What we obtain too cheap, we esteem too lightly. ~Thomas Paine
Have you ever been so thirsty that it is nearly impossible to drink?
I didn’t actually think this possible, but this past week, back on the Florida Trail for another spring break, I found myself huddled behind a propane tank display in front of a Dollar General desperate for some relief from the sun and unable to choke down any fluid.
One of the many challenges of the Florida Trail – besides the obvious, like swamps, snakes, and alligators – is the frequency of road walks.
While Florida Trail chapter volunteers try to parcel together more and more sections off the roads and into the woods where a trail belongs, gaining permission from landowners and other entities to allow smelly people to walk across private land is oftentimes problematic.
No matter what time of year one chooses to walk the trail, however – most start at the southern terminus sometime in January – there will be countless stretches along roads, paved and un, exposed to a ceaseless, punishing solar barrage. To say that thirst is one of the side effects of these portions is a wild understatement.
While toiling away on one such section, I made some lists in my sunburnt head.
Benefits of Road Walks
- Interesting views
- No coyotes howling on the other side of your thin fabric’d tent, oftentimes from the same direction toward which you are about to walk
- Strategically positioned convenience stores (like the aforementioned Dollar General I found myself at, two bottles of cold liquids in front of me, too tummy-tied and dehydrated to sip even the tiniest amount)
- Hard (but not impossible) to get lost
- Guys in pick-ups roaring by while honking and giving you the finger for no apparent reason
Disadvantages of Road Walks
- Same view, mile after endless mile
- No coyotes: it’s strangely thrilling to hear these magnificent animals yipping and howling OUT THERE while you are burrito’d in a sleeping bag IN HERE. Shivers.) Also, snarly dogs, chained and un, that charge as you cruise by, scaring you out of your very pants
- Convenience stores, right on the very trail – where’s the challenge in that? – with the only options for a gluten-free-dairy-free eater being jumbo pickles and Slim Jims. No more Krispy Kremes for this girl. Frowny face. Also, creepy guys in the parking lot who ask where-you-going-honey-I-saw-you-walking-in-Ebro-yesterday?
- Loot: not willing to walk by a SINGLE PENNY despite the head rush that follows one of these swipe-and-grab episodes
- Getting lost – at almost every intersection, in spite of carrying the Guthook app which basically makes it criminal to ever go off-trail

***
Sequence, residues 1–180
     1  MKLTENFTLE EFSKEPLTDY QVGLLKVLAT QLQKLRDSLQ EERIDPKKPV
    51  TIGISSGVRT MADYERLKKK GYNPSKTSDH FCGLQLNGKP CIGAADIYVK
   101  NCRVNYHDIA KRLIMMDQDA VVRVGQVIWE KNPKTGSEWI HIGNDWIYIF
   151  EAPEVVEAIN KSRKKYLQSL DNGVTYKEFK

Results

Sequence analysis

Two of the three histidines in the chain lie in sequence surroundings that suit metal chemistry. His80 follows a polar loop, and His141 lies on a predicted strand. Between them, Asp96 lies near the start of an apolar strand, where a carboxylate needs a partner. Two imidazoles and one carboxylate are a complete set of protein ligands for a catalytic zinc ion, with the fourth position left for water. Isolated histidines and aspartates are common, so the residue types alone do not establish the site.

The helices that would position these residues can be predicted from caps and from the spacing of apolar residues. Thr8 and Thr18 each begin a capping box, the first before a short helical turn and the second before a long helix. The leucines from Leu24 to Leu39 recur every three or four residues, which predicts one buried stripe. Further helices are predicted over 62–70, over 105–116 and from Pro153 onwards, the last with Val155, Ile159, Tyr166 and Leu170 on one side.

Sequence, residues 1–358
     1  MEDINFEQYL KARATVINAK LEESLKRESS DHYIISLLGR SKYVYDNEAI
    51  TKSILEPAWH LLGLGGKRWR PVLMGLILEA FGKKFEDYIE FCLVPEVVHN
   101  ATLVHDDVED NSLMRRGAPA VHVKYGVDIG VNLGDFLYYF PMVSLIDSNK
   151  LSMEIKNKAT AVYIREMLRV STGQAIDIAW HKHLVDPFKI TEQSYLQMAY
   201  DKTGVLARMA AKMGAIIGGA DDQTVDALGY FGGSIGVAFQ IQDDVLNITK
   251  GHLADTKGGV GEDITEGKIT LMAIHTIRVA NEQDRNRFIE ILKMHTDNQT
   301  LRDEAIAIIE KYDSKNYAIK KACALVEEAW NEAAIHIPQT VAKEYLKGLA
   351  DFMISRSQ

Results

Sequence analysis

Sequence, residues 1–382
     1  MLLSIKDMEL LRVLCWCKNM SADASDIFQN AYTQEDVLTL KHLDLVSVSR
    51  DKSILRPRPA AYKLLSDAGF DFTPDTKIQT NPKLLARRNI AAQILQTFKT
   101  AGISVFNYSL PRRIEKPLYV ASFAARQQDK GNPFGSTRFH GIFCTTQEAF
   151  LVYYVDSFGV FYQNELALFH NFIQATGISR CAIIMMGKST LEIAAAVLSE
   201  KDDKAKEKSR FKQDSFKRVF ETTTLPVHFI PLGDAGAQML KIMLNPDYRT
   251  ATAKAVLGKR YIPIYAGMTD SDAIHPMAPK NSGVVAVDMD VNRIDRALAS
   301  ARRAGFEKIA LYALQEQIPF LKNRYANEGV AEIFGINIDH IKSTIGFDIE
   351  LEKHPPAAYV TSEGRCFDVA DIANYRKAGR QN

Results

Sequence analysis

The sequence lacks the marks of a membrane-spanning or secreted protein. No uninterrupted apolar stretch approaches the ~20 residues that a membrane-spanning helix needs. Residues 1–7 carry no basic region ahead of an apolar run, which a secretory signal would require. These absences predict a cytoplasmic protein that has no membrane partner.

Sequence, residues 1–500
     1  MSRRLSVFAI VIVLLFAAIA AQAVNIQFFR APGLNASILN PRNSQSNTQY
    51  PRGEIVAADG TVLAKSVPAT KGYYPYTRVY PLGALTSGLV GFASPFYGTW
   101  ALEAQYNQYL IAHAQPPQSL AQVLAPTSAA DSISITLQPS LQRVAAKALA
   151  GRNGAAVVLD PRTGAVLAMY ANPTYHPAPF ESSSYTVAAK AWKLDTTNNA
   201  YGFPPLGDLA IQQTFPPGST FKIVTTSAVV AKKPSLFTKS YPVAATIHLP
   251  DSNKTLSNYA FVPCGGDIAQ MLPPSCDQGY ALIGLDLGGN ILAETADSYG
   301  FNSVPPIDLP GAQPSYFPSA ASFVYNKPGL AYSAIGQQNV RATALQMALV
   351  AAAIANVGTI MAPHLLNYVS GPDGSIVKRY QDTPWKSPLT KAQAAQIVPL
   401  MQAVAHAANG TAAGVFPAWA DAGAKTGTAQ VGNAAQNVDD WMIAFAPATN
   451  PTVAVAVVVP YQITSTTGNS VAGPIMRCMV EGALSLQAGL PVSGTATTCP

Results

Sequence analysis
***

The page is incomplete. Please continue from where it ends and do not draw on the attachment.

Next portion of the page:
- Flat. And hot. And did I mention no shade? And pavement, which causes massive blisters on the bottom of one’s tender, un-trail-toughen’d feet
- Guys in pick-ups roaring by while honking and giving you the finger for decidedly nefarious reasons
Lest you think, dear reader, that the Florida Trail is nothing but a paved paradise, let me assure you of its staggering beauty and never-ending surprises. Here’s one more list.
Good Stuff on the Florida Trail
- Soft paths that go on forever
- Pines, everywhere, nascent and established
- Boardwalks and bridges (especially when alligators are suspected)
- Tannin-tinged, sandy-bottomed streams flowing high and cold
- Fruit of the many selfless hours spent by trail volunteers clearing away damage from 2018’s Hurricane Michael. There would be no trail without these amazing humans.
- Evidence of nature’s incredible resilience
- Cypress knees (Haha! Trees with knees – Florida is so weird)
- Trail angels, especially Nancy and Wilton, who become instant friends
- Other hikers. Shout out to Steps and Flattop, with whom I shared my last stretch of 2020, most of which was on the road. Of course.
- Random beauty everywhere
- Other weird things, like tires in trees and gnomes in the forest
- Sunrises and sunsets
I had planned on walking 100 miles this year on the Florida Trail. I only had five days, and I was eager to get back North to watch the youngest’s lacrosse games, hug the middle guy, and spend some time with The Princess and the grandbabe. While I was in the woods, however, oblivious to what was happening out in the world, a tiny, germ-y threat was snaking its way across the sea and canceling everything everywhere.
They say the darkest hour is just before dawn, and I discovered why this time around.
I suppose I never really noticed before, but it became obvious with the moon full throughout the week: there was always a stretch between moonset and sunrise when all went black.
It was a spooky time, especially when you are trying to wend your way through jumbled swamps, skirting sink holes while looking for the orange blazes that mark the trail by the light of a single headlamp.
Perhaps that is where we are right now.
As this virus rages across our lives, our families, we need to remember it is only the in-between. Like those fire-ravaged pines, we humans are resilient in the face of affliction. There will always be new growth.
We walk through valleys dark, knowing there is a Good Shepherd who has water waiting ahead, a place at the table. We don’t need to be afraid.
When I finally add up the miles I have walked this time around, I find it to be only 98.
Two miles short.
Another time, I might have beat myself up for coming so close.
But there is no need, not now.
There are plenty of miles ahead; this is the time for grace.
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